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Of Brand Hijacks and PR Nightmares: A Tale of Two Brands and One Flub

by Angela Natividad  |  
March 16, 2010
  |  3,157 views

In December, megabrand Heinz discovered an impersonator on Twitter: one @hj_heinz. The mystery hijacker had Heinz ketchup bottles for a Twitter background and had been sharing ketchup-related recipes and company tidbits with Heinz lovers in the Twittersphere.

The account had been running for two weeks when Heinz discovered it. Heinz immediately contacted Twitter and had the account stripped (subscription required) of any suggestion the user was associated with the brand.

The next time Michael Werch, the account owner, logged in, he found that his background and bio had been removed and his username had been changed to @NOThj_heinz. No explanation was provided except for a generic message from Twitter saying he'd violated its trademark policy.

Werch, who is an avid Heinz lover, was surprised and upset. He contacted Twitter and offered to work things out with a Heinz representative. He got no response, which was a big mistake.

In February, AdAge.com gave him the opportunity to recount his side of the story—which was then picked up by All Things Digital, BusinessWeek, and countless blogs. Moreover, he revealed to his Twitter followers that he wasn't a Heinz representative, and they encouraged him to continue what he was doing.


The follower count for NOThj_heinz has more than doubled since the incident; people seem to like what he has to share, even if he's not a bona fide Heinz employee.

Here's another story...

Recently, director Kevin Smith, of the Jay and Silent Bob series of films—was kicked off a Southwest Airlines flight for allegedly threatening the safety and comfort of other passengers because of his generous waistline.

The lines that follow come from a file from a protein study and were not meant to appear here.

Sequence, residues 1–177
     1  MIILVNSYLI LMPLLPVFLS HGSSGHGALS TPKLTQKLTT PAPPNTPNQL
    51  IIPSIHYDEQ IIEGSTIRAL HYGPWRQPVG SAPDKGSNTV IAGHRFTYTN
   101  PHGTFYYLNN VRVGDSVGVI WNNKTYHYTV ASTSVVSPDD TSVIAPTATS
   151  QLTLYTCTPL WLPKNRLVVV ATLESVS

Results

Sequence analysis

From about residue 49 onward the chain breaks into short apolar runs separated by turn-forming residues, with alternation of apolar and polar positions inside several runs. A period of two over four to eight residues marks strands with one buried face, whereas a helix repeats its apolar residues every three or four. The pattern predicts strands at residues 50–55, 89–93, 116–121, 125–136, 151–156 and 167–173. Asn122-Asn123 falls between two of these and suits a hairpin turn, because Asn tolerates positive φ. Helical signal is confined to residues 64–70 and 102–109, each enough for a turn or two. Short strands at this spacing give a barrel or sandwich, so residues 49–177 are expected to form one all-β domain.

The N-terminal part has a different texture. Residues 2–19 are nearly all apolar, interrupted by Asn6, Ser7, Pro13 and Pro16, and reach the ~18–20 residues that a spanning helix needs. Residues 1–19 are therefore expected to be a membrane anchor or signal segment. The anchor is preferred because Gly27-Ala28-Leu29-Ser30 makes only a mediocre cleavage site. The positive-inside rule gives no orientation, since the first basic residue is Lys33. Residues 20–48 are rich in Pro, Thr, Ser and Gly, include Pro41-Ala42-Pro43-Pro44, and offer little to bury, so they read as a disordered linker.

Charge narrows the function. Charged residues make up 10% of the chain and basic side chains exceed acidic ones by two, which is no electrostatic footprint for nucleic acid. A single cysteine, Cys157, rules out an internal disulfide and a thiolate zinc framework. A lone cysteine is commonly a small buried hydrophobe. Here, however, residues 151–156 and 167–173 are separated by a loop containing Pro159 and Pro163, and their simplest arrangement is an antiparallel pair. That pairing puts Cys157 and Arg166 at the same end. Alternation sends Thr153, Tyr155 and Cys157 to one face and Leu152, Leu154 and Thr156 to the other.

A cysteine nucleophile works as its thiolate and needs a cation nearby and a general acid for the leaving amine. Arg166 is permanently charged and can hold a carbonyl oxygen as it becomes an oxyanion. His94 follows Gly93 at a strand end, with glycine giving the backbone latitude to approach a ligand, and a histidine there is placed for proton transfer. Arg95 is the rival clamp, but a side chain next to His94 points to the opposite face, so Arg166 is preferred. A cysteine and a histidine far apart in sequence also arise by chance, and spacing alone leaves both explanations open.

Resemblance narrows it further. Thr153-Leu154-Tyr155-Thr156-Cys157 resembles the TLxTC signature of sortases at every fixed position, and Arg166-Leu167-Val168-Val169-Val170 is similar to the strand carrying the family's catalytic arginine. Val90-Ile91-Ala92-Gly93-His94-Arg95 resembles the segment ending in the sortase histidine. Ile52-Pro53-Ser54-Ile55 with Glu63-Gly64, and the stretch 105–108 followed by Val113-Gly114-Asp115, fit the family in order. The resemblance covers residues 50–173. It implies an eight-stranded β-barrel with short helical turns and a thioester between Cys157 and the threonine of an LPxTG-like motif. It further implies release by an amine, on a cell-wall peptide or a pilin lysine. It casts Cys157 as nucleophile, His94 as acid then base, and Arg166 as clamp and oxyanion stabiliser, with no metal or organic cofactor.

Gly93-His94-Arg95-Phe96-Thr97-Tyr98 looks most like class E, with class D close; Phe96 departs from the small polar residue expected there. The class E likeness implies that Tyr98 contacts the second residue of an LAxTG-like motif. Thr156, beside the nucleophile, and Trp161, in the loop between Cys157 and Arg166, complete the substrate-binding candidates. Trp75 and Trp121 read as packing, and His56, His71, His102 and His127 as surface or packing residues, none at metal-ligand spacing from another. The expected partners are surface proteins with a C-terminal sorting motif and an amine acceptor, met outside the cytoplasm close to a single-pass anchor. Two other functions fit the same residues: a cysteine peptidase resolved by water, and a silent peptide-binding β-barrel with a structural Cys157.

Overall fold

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Angela Natividad is a social media strategist, copywriter, and journalist based in Paris. A Bay Area native and lover of vending machine candies, she co-founded AdVerveBlog.com and is a frequent guest on marketing podcast The Beancast. You can follow her on Twitter at @luckthelady.

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  • by Howie at Sky Pulse Media Tue Mar 16, 2010 via web

    This was a very well written article. I have many years experience in sales and customer service, as well as extensive experience traveling on business. The worst thing a business can do is alienate a passionate customer or client. Alienating someone patronizing you just because of price or convenience like Kevin Smith was bad enough. Because with Social Media it's not: Make a customer happy they tell 1 person make them unhappy they tell 10. Now its exponential. Which makes the passionate customer/client even worse. Before Twitter or Facebook Michael's friends would of known he loved Heinz and possibly reacted. But that is how many people? Now 1000 people know Michael's passion.
    I think because Heinz is unique they are a bit arrogant. They have really no equal in ketchup . But they make other products why risk a boycott.

    As for the avenues of response to turn something bad into a good very on the mark. The author is very wise has solutions brands should listen up about.

  • by Teri Tue Mar 16, 2010 via web

    Excellent excellent post. I saw both social media mistakes and frankly, was horrified that SWA, who has been proactive &positive in the space and in fact lauded by the industry, so bungled how they handled the Kevin Smith situation. To me, it's the more egregious of the two as it was such a public mishandling of the situation, when the whole thing could be effectively neutralized by being honest, 'fessing up in public, and apologizing. They misread Smith's justified rancor and the intensity with which he was willing to pursue the issue. One step forward, three steps back.

    The Heinz case is more of a missed opportunity. Here the "offender" was doing something positive for the brand, which Heinz could have blessed and ensured that its brand messaging was consistent and positive. Instead, they risked alienating a loyal and positive customer, and left themselves with no voice in the channel. Very short-sighted.

  • by MikeyS Wed Mar 31, 2010 via web

    You should check out what is going on with Chex Mix right now on www.twitter.com/chex_mix Whoever is running that channel is friendly to the brand and very funny, but I wouldn't be surprised if its just a fan and not General mills at all.

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